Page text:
Frequently in law school I’ve gotten a glimpse of something that is not quite part of the law, but more specifically part of the cost of being a member of its practice—its impact on personal relationships, particularly relationships with those who are themselves in the legal field. In pop culture, films like Legally Blonde and the wide array of television, blogs, and other mediums that provide commentary on the legal mind paint a picture of toxic stress and personalities, politics and pomposity, and a commitment at all costs to one’s career and climbing the rungs of the corporate and bureaucratic ladder.

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Why We Chose Environmental Law

The following post was written by 1L, Logan Hagerty. Logan is an avid member of the BC Environmental Law Society (ELS) and serves as a 1L Representative. ELS is the umbrella organization for the BC Land & Environmental Law program. We lead research, service, professional training, social events, and more. As President of ELS, it has been a pleasure working with the new students like Logan who share my commitment to environmental law. -Fiona Maguire


I read dozens of faculty bios and course listings when applying to law school. I keyword-searched more variations of “environmental law” than I thought was possible: “Land,” “energy,” “property,” “environmental justice,” and “natural resources,” just to name a few. You guessed it – I came to law school with an interest in environmental law. 

Professor Plater’s bio (and bow tie!) stood out on the BC Law website. I’d struck a gold mine. I explored the BC site some more, finding pictures from the Environmental Law Society (ELS) Barbeque and Winter Weekend events. I was hooked! (I also attended both of these events). Now I view the environmental law program as more than a “gold mine.” The program is an old-growth forest; it offers rich, deep-rooted connections, support, and development. 

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Reminding Ourselves Why We “Do” Law School

Writing an Impact post at the beginning of the semester is never easy. How to recapture the excitement for school after a month’s vacation and a return to campus in the middle of a Boston winter? 1L’s gearing up for round 2, 2L’s grinding away, and 3L’s wondering why we are still on campus. In addition, with the latest Covid surge, another round of “when will this all be over” doesn’t exactly help the cause.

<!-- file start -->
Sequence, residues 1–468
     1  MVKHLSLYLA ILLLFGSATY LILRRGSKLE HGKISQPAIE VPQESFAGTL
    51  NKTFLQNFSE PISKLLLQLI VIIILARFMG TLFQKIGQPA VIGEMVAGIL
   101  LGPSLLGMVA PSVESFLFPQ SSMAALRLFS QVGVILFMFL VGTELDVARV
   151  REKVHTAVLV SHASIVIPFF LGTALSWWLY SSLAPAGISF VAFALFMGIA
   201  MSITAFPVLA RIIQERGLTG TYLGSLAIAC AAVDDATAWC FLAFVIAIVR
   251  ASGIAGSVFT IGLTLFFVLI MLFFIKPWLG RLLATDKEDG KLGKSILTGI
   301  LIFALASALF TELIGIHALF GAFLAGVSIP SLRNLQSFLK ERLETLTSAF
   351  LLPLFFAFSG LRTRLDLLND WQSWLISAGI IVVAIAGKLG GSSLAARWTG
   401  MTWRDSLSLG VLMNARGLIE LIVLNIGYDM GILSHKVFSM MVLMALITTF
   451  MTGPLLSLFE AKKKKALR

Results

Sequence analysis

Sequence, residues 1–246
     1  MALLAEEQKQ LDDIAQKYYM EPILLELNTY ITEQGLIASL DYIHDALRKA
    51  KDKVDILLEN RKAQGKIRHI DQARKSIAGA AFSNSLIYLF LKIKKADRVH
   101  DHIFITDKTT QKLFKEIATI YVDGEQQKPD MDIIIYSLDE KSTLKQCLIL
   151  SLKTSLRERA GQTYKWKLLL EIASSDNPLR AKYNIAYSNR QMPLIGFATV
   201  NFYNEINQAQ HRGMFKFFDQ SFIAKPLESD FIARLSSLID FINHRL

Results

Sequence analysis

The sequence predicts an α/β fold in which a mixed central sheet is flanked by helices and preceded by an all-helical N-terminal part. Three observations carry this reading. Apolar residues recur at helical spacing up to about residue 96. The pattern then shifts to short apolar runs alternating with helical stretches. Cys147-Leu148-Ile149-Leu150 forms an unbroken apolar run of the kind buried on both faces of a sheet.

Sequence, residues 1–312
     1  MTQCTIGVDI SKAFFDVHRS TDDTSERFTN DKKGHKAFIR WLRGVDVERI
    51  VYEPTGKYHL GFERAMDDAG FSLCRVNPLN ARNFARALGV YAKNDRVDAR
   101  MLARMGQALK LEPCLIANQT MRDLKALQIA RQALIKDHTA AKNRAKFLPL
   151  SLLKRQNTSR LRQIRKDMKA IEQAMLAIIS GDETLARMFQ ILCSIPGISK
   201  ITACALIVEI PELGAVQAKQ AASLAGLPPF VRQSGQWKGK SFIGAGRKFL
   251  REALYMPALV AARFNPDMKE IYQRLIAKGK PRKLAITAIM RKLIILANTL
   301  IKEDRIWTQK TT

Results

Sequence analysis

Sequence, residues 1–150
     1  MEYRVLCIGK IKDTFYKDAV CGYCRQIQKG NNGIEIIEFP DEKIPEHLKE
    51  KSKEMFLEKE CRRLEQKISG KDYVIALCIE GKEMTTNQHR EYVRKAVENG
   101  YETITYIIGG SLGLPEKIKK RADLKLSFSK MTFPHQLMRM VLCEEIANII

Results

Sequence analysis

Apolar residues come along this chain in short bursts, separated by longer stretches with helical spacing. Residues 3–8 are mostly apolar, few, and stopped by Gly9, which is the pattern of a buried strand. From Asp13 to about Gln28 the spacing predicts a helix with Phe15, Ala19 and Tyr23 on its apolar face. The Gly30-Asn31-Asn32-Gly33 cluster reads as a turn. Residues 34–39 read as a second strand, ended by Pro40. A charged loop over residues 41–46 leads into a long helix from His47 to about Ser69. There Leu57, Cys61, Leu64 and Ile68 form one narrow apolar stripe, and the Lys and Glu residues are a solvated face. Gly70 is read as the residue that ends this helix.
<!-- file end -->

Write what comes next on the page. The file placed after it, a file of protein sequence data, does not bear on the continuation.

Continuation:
But in this case the answer of what to write about seemed clear to me: my experiences in the Innocence Clinic working for my client. While I am not able to disclose many of the details about his case, I can say that my client had a clean record both before and after the arson he was wrongfully convicted of, and that our clinic recently filed a motion for new trial looking to overturn his conviction using newly discovered evidence that demonstrates his innocence nearly twenty years later. 

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Can Passion for Work Go Too Far?

“Are you going to talk about anything else?” My brother rolled his eyes as I talked about a technical area of patent infringement that no one in my audience cared to learn about. This was just a few weeks ago, and we were at a small dinner party with some family friends. I had finished up my time with a firm this summer, and I was excited for the chance to talk about it. But my brother’s comment reminded me just how much I’d been talking about my work. I had an amazing summer outside of the firm, too: I went on some relaxing getaways, I spent a lot of meaningful time with my family, and I finally read the books that had been on my reading list for months now. Yet, throughout dinner, I had mainly only talked about my firm experience. It was a reminder to me that law school — and the legal profession — should not and does not encompass my entire identity.

During my first semester of law school in Fall 2019, I found myself burnt out fairly quickly. I was spending too many hours reading, not necessarily because I had a lot to read, but more so because I felt that this was what I had to do. I felt like I was supposed to be outlining after every class, even if I didn’t really know what outlining even was. Despite being on top of my schoolwork, I felt guilty when I wasn’t doing law school-related work, only because I felt that there was no time or room to think about anything else.